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# claudiahdz/QuickSort.js

Last active Jul 29, 2020
 // Find a "pivot" element in the array to compare all other // elements against and then shift elements before or after // pivot depending on their values function QuickSort(arr, left = 0, right = arr.length - 1) { let len = arr.length, index if(len > 1) { index = partition(arr, left, right) if(left < index - 1) { QuickSort(arr, left, index - 1) } if(index < right) { QuickSort(arr, index, right) } } return arr } function partition(arr, left, right) { let middle = Math.floor((right + left) / 2), pivot = arr[middle], i = left, // Start pointer at the first item in the array j = right // Start pointer at the last item in the array while(i <= j) { // Move left pointer to the right until the value at the // left is greater than the pivot value while(arr[i] < pivot) { i++ } // Move right pointer to the left until the value at the // right is less than the pivot value while(arr[j] > pivot) { j-- } // If the left pointer is less than or equal to the // right pointer, then swap values if(i <= j) { [arr[i], arr[j]] = [arr[j], arr[i]] // ES6 destructuring swap i++ j-- } } return i }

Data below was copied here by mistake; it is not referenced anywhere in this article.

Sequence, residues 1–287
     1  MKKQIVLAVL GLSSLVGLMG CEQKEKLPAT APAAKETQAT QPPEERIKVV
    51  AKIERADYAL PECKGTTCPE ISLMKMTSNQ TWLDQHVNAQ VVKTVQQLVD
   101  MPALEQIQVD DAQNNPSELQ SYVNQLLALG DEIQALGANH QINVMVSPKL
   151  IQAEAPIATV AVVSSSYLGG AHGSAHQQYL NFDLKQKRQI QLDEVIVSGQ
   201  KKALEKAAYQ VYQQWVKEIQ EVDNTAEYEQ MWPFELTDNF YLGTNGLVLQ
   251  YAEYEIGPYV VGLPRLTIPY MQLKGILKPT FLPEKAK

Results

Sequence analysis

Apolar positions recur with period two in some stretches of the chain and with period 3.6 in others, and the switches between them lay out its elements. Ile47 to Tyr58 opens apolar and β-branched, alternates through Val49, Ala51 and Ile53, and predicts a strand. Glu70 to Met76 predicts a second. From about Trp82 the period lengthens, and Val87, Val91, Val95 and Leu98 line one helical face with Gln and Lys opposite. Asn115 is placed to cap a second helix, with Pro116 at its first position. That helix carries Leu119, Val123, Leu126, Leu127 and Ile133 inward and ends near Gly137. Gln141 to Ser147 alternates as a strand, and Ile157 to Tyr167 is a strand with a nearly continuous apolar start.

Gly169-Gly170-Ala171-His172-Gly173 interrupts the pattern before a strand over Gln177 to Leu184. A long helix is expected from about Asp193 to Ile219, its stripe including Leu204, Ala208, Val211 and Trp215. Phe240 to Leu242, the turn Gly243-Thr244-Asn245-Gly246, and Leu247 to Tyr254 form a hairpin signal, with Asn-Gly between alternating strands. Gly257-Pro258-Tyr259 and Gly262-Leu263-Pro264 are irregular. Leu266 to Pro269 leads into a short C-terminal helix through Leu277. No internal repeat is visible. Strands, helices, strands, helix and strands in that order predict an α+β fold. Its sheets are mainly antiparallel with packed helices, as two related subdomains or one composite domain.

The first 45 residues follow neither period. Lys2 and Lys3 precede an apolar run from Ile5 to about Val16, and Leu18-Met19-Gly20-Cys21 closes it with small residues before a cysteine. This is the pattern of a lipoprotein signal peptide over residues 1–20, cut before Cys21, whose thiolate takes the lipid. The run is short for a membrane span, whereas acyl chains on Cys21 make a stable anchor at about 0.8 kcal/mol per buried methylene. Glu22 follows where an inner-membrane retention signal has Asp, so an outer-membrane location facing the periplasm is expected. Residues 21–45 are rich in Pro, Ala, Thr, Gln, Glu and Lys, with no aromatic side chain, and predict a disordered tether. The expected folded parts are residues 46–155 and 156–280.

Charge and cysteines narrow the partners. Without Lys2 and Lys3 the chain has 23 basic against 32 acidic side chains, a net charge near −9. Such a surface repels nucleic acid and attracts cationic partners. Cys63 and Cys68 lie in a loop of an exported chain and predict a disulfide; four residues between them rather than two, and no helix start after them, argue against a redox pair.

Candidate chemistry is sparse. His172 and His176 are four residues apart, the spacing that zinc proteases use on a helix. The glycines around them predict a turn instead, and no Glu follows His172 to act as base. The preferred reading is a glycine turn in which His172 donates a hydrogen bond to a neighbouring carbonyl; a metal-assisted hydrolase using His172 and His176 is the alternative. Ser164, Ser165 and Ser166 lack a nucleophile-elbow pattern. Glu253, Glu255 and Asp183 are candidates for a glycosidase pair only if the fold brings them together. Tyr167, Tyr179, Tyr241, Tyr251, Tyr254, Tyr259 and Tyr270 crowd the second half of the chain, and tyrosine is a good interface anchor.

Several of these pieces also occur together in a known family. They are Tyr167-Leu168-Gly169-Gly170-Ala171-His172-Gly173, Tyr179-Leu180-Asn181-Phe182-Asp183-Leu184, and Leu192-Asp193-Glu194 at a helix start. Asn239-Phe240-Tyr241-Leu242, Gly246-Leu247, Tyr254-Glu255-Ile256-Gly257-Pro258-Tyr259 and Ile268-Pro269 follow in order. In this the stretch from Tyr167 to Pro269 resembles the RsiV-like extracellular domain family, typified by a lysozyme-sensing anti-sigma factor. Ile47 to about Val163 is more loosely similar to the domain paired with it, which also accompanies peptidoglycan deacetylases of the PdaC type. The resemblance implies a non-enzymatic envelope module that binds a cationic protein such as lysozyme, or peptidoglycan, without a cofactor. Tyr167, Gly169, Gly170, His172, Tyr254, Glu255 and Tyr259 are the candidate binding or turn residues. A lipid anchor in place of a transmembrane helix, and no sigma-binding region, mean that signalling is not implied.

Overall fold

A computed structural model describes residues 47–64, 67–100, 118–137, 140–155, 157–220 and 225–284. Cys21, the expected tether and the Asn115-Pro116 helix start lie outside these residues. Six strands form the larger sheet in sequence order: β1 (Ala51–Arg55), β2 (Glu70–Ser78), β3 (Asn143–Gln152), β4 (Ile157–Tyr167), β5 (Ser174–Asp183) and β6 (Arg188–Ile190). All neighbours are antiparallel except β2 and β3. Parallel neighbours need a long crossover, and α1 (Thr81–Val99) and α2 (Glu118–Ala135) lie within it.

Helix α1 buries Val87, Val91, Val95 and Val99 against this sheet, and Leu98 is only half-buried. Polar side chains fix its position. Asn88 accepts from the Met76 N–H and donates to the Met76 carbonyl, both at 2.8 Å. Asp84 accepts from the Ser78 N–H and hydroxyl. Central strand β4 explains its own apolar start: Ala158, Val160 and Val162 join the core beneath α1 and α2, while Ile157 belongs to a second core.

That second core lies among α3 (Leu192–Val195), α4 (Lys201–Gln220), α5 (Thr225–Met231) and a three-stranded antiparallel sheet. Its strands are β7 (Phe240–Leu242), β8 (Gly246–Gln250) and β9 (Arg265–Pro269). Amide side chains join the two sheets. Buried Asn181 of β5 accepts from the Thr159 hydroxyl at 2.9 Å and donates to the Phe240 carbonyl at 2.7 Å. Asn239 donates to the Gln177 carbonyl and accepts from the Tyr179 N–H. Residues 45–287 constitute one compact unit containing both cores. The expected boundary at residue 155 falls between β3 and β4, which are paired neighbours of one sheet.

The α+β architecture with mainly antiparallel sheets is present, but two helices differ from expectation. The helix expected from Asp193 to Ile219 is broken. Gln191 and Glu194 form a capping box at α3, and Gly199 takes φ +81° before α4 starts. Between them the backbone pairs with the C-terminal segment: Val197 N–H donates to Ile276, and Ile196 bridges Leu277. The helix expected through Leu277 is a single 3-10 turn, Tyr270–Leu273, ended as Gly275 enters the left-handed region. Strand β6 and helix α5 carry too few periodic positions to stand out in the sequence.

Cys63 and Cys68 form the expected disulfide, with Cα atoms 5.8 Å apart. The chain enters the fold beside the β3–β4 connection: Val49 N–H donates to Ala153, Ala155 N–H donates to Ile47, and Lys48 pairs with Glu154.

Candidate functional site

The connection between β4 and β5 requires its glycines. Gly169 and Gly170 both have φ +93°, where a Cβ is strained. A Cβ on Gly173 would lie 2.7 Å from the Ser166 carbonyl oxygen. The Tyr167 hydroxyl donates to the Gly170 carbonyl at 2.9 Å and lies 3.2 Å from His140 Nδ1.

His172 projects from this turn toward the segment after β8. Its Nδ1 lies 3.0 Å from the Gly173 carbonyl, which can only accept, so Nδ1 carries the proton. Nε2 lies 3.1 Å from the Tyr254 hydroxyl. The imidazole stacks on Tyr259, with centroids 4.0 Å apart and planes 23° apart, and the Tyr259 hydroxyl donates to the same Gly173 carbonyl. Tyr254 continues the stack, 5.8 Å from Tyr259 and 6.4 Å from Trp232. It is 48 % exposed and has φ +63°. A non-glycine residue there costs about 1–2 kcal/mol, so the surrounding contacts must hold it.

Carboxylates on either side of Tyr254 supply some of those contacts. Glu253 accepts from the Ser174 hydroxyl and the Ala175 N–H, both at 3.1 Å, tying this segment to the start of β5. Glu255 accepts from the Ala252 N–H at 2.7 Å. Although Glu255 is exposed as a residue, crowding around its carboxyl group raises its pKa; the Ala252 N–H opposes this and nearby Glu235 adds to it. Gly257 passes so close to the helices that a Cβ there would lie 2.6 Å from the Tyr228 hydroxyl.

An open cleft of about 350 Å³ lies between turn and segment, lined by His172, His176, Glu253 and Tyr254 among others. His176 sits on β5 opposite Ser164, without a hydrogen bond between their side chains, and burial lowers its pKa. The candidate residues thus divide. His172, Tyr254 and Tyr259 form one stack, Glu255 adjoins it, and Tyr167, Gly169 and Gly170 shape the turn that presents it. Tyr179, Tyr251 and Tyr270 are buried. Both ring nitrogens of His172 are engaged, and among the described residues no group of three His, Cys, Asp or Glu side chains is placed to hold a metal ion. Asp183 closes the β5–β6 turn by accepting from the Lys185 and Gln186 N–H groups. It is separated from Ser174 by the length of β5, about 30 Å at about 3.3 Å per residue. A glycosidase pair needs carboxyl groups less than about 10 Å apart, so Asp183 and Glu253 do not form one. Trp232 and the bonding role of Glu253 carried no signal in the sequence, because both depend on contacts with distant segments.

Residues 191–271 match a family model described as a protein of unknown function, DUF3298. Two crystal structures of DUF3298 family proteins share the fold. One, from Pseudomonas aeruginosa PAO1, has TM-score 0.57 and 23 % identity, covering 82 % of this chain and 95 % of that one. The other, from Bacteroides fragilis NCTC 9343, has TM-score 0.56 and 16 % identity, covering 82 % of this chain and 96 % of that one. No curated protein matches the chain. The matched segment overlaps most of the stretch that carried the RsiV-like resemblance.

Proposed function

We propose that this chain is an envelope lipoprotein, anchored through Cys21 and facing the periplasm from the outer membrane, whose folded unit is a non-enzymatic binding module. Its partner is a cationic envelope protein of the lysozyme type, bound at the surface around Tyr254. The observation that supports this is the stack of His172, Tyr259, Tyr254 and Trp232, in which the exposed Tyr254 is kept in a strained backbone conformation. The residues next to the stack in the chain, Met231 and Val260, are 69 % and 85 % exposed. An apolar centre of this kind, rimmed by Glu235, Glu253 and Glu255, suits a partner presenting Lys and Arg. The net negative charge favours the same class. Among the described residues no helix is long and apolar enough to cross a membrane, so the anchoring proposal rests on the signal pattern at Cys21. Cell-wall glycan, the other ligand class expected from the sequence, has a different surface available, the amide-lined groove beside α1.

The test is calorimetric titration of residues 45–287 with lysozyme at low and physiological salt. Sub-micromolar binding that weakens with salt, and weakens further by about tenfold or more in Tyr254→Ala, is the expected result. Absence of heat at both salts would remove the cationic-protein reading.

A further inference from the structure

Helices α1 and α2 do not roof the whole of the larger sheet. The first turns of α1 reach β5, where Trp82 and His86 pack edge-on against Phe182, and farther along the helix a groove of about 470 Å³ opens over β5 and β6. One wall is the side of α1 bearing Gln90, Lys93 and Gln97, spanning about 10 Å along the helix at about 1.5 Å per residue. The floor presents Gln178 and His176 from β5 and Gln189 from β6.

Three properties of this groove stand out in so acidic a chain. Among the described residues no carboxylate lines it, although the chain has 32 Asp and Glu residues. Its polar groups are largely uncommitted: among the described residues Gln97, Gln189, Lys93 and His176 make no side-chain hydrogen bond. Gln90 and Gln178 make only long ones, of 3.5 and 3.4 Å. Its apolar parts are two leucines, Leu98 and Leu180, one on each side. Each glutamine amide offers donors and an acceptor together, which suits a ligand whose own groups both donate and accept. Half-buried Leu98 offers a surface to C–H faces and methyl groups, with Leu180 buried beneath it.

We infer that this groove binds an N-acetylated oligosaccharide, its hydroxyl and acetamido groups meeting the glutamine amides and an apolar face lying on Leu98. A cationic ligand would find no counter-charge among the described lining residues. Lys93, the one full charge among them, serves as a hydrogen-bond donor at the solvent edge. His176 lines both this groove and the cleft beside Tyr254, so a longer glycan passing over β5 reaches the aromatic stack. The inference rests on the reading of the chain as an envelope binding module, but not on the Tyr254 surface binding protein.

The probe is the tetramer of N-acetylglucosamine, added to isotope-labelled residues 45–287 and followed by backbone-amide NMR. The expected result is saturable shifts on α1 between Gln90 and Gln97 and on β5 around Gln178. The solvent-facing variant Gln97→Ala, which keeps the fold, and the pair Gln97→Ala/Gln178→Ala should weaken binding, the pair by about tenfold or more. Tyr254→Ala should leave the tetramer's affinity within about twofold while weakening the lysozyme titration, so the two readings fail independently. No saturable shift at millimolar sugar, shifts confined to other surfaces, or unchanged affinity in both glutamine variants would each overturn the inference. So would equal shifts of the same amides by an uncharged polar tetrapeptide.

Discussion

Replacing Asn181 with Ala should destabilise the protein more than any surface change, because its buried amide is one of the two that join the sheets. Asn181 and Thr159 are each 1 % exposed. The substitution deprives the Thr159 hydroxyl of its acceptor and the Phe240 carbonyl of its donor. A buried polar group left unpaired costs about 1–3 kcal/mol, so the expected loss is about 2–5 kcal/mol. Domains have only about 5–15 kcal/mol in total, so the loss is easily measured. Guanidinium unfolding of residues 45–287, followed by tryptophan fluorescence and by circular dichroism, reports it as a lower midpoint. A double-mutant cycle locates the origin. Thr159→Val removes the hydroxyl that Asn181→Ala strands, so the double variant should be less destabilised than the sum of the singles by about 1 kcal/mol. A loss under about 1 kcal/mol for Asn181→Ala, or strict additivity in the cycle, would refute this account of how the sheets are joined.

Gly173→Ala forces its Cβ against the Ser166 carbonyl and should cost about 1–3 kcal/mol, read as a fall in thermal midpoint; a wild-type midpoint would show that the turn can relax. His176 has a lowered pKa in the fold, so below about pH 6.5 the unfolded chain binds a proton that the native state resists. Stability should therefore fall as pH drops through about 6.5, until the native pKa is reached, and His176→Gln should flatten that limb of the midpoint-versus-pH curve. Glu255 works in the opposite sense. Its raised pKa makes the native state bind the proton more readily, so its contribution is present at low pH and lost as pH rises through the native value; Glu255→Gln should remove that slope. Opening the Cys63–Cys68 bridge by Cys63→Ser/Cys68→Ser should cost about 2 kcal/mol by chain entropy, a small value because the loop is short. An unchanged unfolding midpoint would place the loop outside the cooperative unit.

### roblevintennis commented Aug 25, 2019 • edited

 This is a cool gist and I really like how you've incorporated ES6 default params and destructoring into it! I just did some studying on quick sort and referenced a few examples including this one, and, the Zakas article which I believe this was inspired by as are many other JavaScript implementations of quick sort I've came across. Interestingly, when I starting looking at the swaps, there will be cases where the left and right pointer are on same element, and will carry out an unnecessary swap due to the `if(i <= j)` conditional. I've found that if you change that to `if(i < j)` for the swap case, and then add another `if (i === j)` for the increment and decrement cases, it fixes that. Code is a bit more complex, but possibly it's an improvement. I hope you don't mind the random drive by comment :) UPDATE: Ok, I feel silly, but after some more testing, it turns out without doing it the way Zakas has it as do you on line #48, you will infinite loop if you have duplicates in your input array! I'll leave this comment for posterity in case someone else thinks they've found a clever optimization haha :)